So what happened when KFC adopted this change? Did PeTA come out and say “this is a stepping stone towards ending all animal use”? Did they even say (or do) anything that could vaguely imply that that is what they want to work towards? No. They called off their boycott of KFC Canada (implying that it’s OK to eat there) and basically gave them a free PR coup. In fact, Steve Langford, president of KFC Canada, was quoted in the media as saying:
“Once I got involved and we actually met face to face, we found out that we have no differences of opinion about how animals should be treated.”
So let’s briefly recap, from the point-of-view of your average omnivore. PeTA, who you associate with being concerned about animals, has an-going campaign saying that KFC is doing something wrong. Suddenly, when KFC agrees to slaughter chickens in a different way, PeTA calls off the boycott and publicly lauds KFC. As someone who wants to do the right thing but who probably hasn’t had any reason to seriously think about animal rights, what are you going to be thinking when you see this? That you need to go vegan? No – you’re going to think that it must be OK to eat at KFC.
Again, there are more examples of this than I could ever possibly list in a blog post, but I thought I post just one more example. From Whole Foods’ 5-Step Animal Welfare Rating Standards:
“…I am willing to pay so that the chickens can have a better life and I can enjoy the eggs guilt free.” (Judy Harris)
“Excellent! My moral questioning goes out the window when I smell and anticipate eating chicken fresh off the spit; the least I hope for is the chicken experienced a good life.” (Ned)
“i and my family have recently gone vegetarian due to much exposure in the media about the cruelty towards animals. poultry has been the hardest to give up but now i don’t feel i have to. i will purchase ‘step-5′ chickens… thank you for all the products in your store that are ‘humane’… “ (Linda)
Animal welfare is a masturbation-fest for non-vegans who want reassure themselves about the legitimacy of their animal use. It does nothing in the short or long-term to help animals and in fact, it positively harms them by making the exploitation cheaper and more socially acceptable.
Living property / things-plus?
Acknowledging that animals can never have significant protection as long as they remain property, some people advocate pushing animals into “living property” or “things-plus” category.
For better or for worse, however, no such category exists. The legal system (just about everywhere) is based on a person-property dichotomy, and only legal persons (not property) can have rights – fundamental interests that must be protected. As long as Sentient Group X (whether it’s non-human animals, women, children, etc etc) are in the “property” category, any and all of their interests can and will be traded away at the slightest whim of their owners.
Coincidentally, creating a “things-plus” category was something that was attempted with race-based slavery in the US, when human beings were chattel property. It didn’t work then, either, and for the same reason: because it is impossible, given the structure of the law, to grant rights to property.
What we owe other animals
Most people agree that it’s wrong to inflict “unnecessary suffering and death” on animals. Presumably, that would rule out killing or harming animals because we enjoy it, because it’s convenient, because it’s a tradition, etc. After all, pleasure, convenience, and tradition ≠ necessity.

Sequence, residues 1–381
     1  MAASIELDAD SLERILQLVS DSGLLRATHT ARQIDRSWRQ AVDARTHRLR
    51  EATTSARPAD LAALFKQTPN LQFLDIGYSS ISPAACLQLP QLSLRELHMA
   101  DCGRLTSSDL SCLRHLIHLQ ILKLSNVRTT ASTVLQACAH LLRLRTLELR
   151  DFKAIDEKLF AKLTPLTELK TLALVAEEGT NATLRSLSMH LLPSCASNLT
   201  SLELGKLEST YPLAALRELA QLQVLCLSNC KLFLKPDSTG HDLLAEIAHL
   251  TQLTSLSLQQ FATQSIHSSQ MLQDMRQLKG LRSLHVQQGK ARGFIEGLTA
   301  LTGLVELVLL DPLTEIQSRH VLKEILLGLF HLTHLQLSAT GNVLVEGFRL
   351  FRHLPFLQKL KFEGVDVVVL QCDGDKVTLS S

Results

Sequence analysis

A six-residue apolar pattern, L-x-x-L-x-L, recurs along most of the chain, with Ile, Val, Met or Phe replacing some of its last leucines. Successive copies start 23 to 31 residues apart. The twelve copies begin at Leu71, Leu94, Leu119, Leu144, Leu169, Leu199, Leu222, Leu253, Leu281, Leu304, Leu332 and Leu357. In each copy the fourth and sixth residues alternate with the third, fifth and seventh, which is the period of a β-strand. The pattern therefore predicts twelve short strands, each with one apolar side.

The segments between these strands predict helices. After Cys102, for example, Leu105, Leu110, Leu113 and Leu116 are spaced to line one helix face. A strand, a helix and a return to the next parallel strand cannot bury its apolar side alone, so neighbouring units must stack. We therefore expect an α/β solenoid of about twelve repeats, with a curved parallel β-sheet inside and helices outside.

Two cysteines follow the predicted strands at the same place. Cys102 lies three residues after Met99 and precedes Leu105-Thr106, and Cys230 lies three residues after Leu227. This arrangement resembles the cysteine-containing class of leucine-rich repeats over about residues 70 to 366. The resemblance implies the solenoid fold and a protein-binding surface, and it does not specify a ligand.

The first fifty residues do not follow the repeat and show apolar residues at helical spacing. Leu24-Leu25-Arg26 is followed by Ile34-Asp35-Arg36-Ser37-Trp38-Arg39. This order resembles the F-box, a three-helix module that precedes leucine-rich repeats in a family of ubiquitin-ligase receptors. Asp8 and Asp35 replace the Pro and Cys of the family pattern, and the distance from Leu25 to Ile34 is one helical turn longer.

But by that standard, none of our conventional uses of animals (for food, for clothing, for entertainment, etc) are necessary. We don’t need to use animals to live or to be healthy. The idea that it’s wrong to inflict “unnecessary suffering and death” on animals logically requires veganism.
The abolitionist approach to animal rights – which promotes veganism and does not promote “better” or more “humane” alternatives – often upsets many pro-welfare animal advocates. This approach, more than anything else, forces us to confront the multiple layers of confusion that our society has in its relationship with other animals. Unfortunately, many well-intentioned animal advocates carry this confusion with them even as they become ethical vegans themselves. At best, it can be said that the modern animal protection movement is muddying the waters, further confusing the public by constantly moving the goal-post. At worst, it can be said that the “movement” has allowed bourgeois charities like PeTA to sell the animals out.
As the wonderful feminist writer and activist Andrea Dworkin once wrote (albeit in a different context):
“No liberation movement can accept the degredation of those whom it seeks to liberate by accepting a different definition of dignity for them and stay a movement for their freedom at the same time.”
It is way past time for those of us who really care about the animal issue – and most people do care – to confront the fact that animals are not objects. It is way past time to stop pretending that we can inflict violence on those we claim to love. And it is time to do away with the delusion that painting a smiley-faced sticker on the exploitation of other animals will end that exploitation.
Since other animals are not exactly like humans, and don’t have the same needs and abilities that we do, placing non-human animals into the “person” category (of a property-person dichotomy) does not mean that we would have to treat non-humans exactly as we would treat humans, giving them the “right” to vote or go to school. It would, quite simply, grant them one right: the right not to be the property of humans, which would mean that we no longer use them as our resources. It is in this sense that the abolitionist movement seeks egalitarianism – by making real the promise that no sentient being, irrespective of species, is treated as an object for someone else’s pleasure or gain.
Ethical veganism, as part of a moral and political commitment to ending animal use, is the radical notion that every sentient being deserves her life simply because, as a sentient being, her life has inherent value to her that cannot be comprehended or replaced by anyone else. In our post-modern, quasi-nihilistic world in which senseless and barbaric violence occurs every second of every day, ethical veganism is one of the simplest and most profound affirmations of life that anyone can make.
It is time for the animal advocates to stop selling ourselves and (more importantly) the animals short.